Rise of digital payments and growing threat of cyber frauds
To mitigate the risk of spread by shared surfaces like cash or cards, the Government and other regulatory bodies like NPCI are encouraging citizens to make digital payments. While this move has brought many customers under the ambit of digital India, it has also given a significant rise to cyber frauds. Cyber criminals are using fear, lack of knowledge and various deceptive means like lucrative emails to cheat vulnerable customers such as first time or not-so-tech-savvy users
By Mahesh Patel
Today, there are two aspects of safety that are of paramount importance. First relates to physical safety from the coronavirus and second is ‘payment safety’ from the increasing number of cyber frauds. To mitigate the risk of spread by shared surfaces like cash or cards, the Government and other regulatory bodies like NPCI are encouraging citizens to make digital payments. While this move has brought many customers under the ambit of digital India, it has also given a significant rise to cyber frauds. Cyber criminals are using fear, lack of knowledge and various deceptive means like lucrative emails to cheat vulnerable customers such as first time or not-so-tech-savvy users.
The growth of digital payments
The pandemic has pushed most Indians to embrace digital payments as cash was perceived as a potential carrier of the virus. According to the latest National Payments Corporation of India (NPCI) data, UPI recorded 2.23 billion transactions amounting to INR 4,16,176.21 crore or INR 4.16 trillion in December 2020. Additionally, according to an estimation made by RBI in 2020, digital payments are expected to jump to 1.5 billion transactions, worth INR 15 trillion a day in five years.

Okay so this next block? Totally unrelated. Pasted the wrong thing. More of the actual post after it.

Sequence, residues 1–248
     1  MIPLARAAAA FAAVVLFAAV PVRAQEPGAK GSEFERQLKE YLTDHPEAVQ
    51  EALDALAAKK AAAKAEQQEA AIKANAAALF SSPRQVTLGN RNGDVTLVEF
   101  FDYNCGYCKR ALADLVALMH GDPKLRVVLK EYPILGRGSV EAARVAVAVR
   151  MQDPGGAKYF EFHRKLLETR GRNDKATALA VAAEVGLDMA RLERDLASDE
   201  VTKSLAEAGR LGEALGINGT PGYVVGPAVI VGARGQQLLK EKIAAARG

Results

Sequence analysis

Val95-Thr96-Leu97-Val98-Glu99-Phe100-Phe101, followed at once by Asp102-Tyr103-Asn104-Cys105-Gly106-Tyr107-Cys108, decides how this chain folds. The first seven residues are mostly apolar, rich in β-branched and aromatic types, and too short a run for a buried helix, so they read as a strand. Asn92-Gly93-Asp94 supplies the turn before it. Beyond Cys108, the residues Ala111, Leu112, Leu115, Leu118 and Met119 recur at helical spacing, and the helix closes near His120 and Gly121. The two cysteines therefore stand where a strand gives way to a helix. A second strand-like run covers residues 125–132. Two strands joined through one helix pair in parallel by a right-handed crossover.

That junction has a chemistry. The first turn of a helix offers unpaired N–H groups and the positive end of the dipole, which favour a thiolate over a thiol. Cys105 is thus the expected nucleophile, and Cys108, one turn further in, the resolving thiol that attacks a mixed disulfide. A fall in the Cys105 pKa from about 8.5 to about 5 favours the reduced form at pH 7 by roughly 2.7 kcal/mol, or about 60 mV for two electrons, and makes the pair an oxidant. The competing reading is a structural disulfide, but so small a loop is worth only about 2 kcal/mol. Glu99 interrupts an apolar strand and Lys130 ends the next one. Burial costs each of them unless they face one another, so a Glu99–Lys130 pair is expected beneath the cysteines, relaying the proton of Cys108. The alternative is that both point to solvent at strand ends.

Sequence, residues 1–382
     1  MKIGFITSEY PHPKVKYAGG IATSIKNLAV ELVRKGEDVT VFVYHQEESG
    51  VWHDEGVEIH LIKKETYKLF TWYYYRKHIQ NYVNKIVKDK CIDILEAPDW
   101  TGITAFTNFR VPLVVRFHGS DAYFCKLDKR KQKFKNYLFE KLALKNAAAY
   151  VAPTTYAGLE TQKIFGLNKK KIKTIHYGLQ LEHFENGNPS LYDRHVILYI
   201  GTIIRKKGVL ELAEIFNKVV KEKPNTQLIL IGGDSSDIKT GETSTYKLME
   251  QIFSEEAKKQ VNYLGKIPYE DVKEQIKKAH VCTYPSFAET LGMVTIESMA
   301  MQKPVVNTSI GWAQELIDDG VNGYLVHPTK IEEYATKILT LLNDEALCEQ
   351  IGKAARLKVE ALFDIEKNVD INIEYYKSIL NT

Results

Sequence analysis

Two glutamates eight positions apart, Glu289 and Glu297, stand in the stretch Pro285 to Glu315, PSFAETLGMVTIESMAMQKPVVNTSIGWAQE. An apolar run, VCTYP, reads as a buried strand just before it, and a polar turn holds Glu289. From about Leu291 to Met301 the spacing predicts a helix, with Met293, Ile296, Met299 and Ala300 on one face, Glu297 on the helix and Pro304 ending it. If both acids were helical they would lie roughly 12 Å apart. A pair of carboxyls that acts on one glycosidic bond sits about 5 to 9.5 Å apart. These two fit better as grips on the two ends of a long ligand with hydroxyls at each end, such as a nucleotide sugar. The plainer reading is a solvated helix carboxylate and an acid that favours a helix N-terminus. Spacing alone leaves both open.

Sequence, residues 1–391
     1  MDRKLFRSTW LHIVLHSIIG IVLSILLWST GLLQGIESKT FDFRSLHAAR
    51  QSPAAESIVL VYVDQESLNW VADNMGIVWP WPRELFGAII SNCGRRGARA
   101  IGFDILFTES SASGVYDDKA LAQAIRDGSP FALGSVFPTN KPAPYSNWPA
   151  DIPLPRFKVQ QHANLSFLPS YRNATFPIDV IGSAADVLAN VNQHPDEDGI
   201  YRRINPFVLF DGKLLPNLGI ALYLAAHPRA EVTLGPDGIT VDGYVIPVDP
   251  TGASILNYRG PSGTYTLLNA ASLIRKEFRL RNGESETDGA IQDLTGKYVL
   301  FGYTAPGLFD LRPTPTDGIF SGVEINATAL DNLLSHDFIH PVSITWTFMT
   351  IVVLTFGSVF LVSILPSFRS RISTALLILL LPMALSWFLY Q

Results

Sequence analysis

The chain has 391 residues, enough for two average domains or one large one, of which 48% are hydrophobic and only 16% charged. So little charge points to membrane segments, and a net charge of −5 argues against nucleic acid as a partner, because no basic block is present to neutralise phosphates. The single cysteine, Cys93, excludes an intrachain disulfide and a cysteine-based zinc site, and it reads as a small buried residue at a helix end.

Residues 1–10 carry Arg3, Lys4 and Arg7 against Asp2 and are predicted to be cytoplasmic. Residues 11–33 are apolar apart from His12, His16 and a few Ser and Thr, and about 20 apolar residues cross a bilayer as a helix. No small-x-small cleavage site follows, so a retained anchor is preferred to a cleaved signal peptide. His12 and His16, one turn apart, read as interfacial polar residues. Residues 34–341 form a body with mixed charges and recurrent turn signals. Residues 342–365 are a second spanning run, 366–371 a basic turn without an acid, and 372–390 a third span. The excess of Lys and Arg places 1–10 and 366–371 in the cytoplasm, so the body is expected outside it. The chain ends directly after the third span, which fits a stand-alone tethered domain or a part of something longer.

Most citizens are now making their grocery, electricity bill, and essential purchases using digital modes. We can see a paradigm shift in preferences and purchasing habits. According to a recent survey done by India Transact Services Ltd, a merchant payment solutions company, 57 per cent of respondents used digital payments 5-6 times a week in July 2020 while 21 per cent of them claimed to use it thrice. About 20 per cent of respondents used digital payments less than three times a week. These numbers define the quantum of usage and hence the possible impact that it will have in case of frauds.
The growing risk of frauds
Growing concern of customers and lack of digital literacy has put many digital users at risk. As citizens across the world are trying to source information related to the pandemic, fraudsters are now tampering the official websites and also acting as imposters of official sources to deceive users. Hence, customers must be extra cautious while sharing details or downloading attachments from unfamiliar emails.
According to Mumbai Police’s cyber cell, there has been a 70 per cent rise in e-wallet fraud and related digital payment crimes during January to May 2020 as compared to the same months in 2019. Since the imposition of the lockdown, the police have received 12 cybercrime complaints a day on an average. In this period, cybercrimes, including credit and debit card fraud, rose by 19 per cent in Mumbai and 51 per cent in Maharashtra. Recently, India’s cybersecurity chief Rajesh Pant said that India was hit by around 375 cyber-attacks each day in 2020. Additionally, it is estimated that there has been a loss of loss of US$ 6 trillion to organisations and individuals as a result of cybercrime in the first nine months of 2020.
Fortunately, banks and financial institutions can proactively manage the fraud related threats to the digital payment ecosystem through innovative and secure solutions.